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Malaysia: Fashionably faithful
2008-11-29 15:30:45counter(0)  Writer:***   字体:A+ A-
KL show finds itself linked to debate on modern and conservative Islam
By Hazlin Hassan, Malaysia Correspondent
The show's designs went against the perception of Islamic style as drab but did not compromise on modesty. -- PHOTOS: ISLAMIC FASHION FESTIVAL
KUALA LUMPUR: Even as Malaysia hosted a high-profile international Islamic fashion festival this week, the spotlight was on how this country hopes to balance conservative religious traditions with contemporary views, after the Muslim authorities recently decreed that even a woman's fashion sense can endanger her faith.

While the government-backed four-day Islamic Fashion Festival aimed to showcase Islamic fashion that was stylish while not compromising on modesty, some of the designs included loose pants for women.

Wearing such apparently manly outfits could prove a minefield in Malaysia, as its top Islamic council recently decreed that tomboyish behaviour was forbidden in Islam. The ban, aimed at preventing lesbian sex, included 'dressing in clothes men wear'.

But this week, Muslim fashionistas, ranging from princesses to wealthy housewives, did not seem to heed such warnings and flocked to see designs for every conceivable occasion, from prayer wear to figure-hugging swimwear.

Sheer headscarves were paired with luxurious silk, chiffon and organza gowns and clingy trousers elaborately embellished with lace, sparkling Swarovski crystals and tassles.

Certainly some of the designs on display during the festival would appear to go against the images of traditional Islamic fashion, frequently pictured as drab and shapeless.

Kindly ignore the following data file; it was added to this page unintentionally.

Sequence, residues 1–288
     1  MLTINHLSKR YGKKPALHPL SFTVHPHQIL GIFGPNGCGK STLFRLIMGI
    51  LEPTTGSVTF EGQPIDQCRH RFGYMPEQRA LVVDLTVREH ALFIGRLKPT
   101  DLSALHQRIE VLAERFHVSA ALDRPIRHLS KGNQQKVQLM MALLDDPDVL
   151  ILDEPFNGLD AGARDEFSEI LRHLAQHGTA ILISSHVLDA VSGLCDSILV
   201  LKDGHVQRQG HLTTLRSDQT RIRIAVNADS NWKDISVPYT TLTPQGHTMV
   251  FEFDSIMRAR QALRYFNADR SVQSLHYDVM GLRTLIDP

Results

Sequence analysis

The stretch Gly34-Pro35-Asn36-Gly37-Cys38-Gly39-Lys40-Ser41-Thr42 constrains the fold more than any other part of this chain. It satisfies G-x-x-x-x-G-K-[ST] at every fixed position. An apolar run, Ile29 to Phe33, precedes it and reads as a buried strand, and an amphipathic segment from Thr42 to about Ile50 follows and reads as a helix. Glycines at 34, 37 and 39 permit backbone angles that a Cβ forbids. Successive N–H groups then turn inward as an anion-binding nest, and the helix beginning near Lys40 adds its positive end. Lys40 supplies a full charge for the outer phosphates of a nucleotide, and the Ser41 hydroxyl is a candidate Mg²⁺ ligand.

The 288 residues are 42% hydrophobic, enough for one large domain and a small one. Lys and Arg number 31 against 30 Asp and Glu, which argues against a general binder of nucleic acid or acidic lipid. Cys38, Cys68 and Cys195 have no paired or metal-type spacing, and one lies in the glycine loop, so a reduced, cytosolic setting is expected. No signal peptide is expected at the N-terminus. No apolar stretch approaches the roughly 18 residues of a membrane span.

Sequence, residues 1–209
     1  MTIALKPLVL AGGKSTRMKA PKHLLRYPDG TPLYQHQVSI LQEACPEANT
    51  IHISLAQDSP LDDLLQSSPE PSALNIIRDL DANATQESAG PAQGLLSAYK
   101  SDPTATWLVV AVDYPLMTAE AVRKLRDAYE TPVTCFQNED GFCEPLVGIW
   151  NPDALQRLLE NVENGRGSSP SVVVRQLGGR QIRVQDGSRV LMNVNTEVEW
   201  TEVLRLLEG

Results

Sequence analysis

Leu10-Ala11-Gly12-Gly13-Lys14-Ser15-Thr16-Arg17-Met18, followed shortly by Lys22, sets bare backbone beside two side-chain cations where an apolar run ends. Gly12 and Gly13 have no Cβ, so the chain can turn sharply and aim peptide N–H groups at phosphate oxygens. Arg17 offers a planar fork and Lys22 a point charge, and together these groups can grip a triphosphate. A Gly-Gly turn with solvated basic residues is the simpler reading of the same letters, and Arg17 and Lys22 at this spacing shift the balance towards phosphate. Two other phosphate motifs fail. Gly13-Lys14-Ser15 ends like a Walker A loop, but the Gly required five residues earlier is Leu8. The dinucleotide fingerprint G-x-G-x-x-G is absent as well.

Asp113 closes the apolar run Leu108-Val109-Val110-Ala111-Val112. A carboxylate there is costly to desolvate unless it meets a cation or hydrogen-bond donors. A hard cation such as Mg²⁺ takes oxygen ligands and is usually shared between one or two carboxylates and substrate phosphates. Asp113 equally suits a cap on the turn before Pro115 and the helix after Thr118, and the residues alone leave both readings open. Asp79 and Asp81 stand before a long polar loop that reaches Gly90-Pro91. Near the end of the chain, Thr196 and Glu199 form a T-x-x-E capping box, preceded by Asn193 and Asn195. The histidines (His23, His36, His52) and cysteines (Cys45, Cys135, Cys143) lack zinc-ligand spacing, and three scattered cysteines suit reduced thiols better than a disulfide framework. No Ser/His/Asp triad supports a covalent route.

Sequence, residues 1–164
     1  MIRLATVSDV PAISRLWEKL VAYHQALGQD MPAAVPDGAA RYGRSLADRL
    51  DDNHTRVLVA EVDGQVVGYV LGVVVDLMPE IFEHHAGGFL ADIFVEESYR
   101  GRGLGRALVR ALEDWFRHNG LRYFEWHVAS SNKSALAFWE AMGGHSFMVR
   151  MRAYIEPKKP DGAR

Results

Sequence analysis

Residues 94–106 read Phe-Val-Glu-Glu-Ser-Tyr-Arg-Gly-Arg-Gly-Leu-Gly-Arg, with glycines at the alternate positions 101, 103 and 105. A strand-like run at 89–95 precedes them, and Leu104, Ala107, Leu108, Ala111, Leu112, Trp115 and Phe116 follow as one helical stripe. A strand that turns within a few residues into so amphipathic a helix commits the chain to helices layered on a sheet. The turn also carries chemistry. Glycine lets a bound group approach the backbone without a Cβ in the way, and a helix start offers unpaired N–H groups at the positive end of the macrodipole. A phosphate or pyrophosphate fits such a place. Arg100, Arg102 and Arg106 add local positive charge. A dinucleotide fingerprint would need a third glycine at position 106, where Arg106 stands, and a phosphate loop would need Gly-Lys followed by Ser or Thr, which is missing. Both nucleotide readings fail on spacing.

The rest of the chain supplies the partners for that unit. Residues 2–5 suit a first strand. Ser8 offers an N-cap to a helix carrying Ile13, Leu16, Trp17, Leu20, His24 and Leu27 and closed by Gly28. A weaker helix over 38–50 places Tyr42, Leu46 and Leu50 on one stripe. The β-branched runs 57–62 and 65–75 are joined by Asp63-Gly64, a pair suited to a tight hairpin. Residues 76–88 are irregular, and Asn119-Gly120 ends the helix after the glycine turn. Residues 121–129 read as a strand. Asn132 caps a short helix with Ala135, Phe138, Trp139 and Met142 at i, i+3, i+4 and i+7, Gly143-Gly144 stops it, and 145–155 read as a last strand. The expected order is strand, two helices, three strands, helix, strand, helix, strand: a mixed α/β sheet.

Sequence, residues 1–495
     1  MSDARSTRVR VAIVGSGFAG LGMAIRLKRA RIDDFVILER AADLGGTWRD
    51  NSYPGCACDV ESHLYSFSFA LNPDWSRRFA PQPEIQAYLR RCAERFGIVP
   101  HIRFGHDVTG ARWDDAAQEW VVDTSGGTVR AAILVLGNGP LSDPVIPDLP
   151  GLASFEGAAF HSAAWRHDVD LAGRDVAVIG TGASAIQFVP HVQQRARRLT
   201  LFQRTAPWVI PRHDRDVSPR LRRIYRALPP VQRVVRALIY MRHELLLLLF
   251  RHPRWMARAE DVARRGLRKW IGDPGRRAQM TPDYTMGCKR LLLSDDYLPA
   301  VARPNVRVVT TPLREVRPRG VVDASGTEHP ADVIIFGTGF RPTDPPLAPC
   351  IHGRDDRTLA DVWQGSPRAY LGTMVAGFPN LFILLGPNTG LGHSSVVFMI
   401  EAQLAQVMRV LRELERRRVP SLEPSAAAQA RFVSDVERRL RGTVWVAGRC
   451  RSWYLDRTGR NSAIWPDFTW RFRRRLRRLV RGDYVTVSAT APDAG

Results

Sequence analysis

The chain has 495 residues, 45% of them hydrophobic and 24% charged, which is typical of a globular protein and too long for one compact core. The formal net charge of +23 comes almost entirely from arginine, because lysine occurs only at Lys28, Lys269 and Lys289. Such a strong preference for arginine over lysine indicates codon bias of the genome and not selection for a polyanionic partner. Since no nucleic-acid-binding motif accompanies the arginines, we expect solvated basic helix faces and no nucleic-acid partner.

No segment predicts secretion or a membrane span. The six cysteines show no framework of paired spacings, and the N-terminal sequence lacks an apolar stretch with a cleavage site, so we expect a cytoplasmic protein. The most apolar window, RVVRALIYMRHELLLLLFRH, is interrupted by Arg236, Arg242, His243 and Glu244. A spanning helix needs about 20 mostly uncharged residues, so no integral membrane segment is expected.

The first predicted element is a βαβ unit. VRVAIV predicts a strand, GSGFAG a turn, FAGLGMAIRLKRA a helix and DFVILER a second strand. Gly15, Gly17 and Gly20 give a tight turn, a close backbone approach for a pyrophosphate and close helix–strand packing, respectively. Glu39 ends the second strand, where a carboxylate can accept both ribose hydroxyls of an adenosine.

Such opulent displays of fashion belie a tug of war between the progressive image of Islam that the government is so keen to portray to the world and the rising influence of conservative Islam.

Since coming to power in 2003, Prime Minister Abdullah Badawi has promoted a progressive, modern Islam that is tolerant and moderate in its views.

But a row over a controversial yoga fatwa this week exposed deep divisions simmering in Malaysia, prompting him and several royal rulers to intervene.

The Sultan of Selangor state said the Fatwa Council should have consulted the country's nine hereditary sultans, who are considered upholders of Islam, before announcing a fatwa, while Mr Abdullah said Muslims could carry on with yoga if it had no elements of worship.

Analysts say that the rise of conservative Islam, which has created a backlash from the country's minority Chinese and Indians, stems from a fear that the religion is under threat.

Law professor Azmi Sharom of the University of Malaya said: 'The Fatwa Council is trying to assert its authority and trying to remain relevant to society. But it focuses on trivial things.'

Even responses in the blogosphere to the two fatwas asked why edicts were made on trivial matters when problems like corruption remain widespread.

A tongue-in-cheek e-mail warning of future fatwas has also been making the rounds.

'Muslims are being oppressed every day. Not by the Chinese, Indians, Jewish or Christians, but by fellow Muslim Malays,' it said.

Some of the future edicts it predicted included prohibitions on swimming, eating at Indian restaurants, travelling overseas and even thinking.

But Ms Maria Chin Abdullah, of the rights group Sisters-In-Islam, noted that the sheer volume of public discourse that followed the fatwas signalled hope that a moderate form of Islam would prevail.

'As long as we are alert, we can stem the trend of conservative, archaic interpretations.'

As for the ban on trousers for Muslim women, Malaysian fashion doyenne Tom Abang Saufi, who showed off her form-fitting designs at the Islamic Fashion Festival, said: 'I am a modern Malaysian woman. I don't cover my head. It doesn't make me less Islamic in my behaviour at all.'

'Religion should be beautiful and nice. It shouldn't be politicised,' she told The Straits Times.


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